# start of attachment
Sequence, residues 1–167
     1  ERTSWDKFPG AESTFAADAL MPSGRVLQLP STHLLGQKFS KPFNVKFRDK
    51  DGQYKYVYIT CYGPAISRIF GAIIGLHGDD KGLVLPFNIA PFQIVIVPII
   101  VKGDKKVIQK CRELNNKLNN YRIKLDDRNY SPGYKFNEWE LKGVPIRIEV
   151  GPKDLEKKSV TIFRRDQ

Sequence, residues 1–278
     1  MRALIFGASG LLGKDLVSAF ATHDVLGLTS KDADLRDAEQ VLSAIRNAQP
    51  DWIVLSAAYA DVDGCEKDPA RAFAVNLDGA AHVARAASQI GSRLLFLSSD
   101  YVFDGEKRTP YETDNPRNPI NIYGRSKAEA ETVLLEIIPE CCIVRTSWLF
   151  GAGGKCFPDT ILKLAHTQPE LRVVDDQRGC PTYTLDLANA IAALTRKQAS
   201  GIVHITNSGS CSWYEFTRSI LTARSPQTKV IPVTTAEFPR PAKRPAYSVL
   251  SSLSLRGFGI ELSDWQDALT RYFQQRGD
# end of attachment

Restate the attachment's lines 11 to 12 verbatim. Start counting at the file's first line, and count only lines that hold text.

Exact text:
   201  GIVHITNSGS CSWYEFTRSI LTARSPQTKV IPVTTAEFPR PAKRPAYSVL
   251  SSLSLRGFGI ELSDWQDALT RYFQQRGD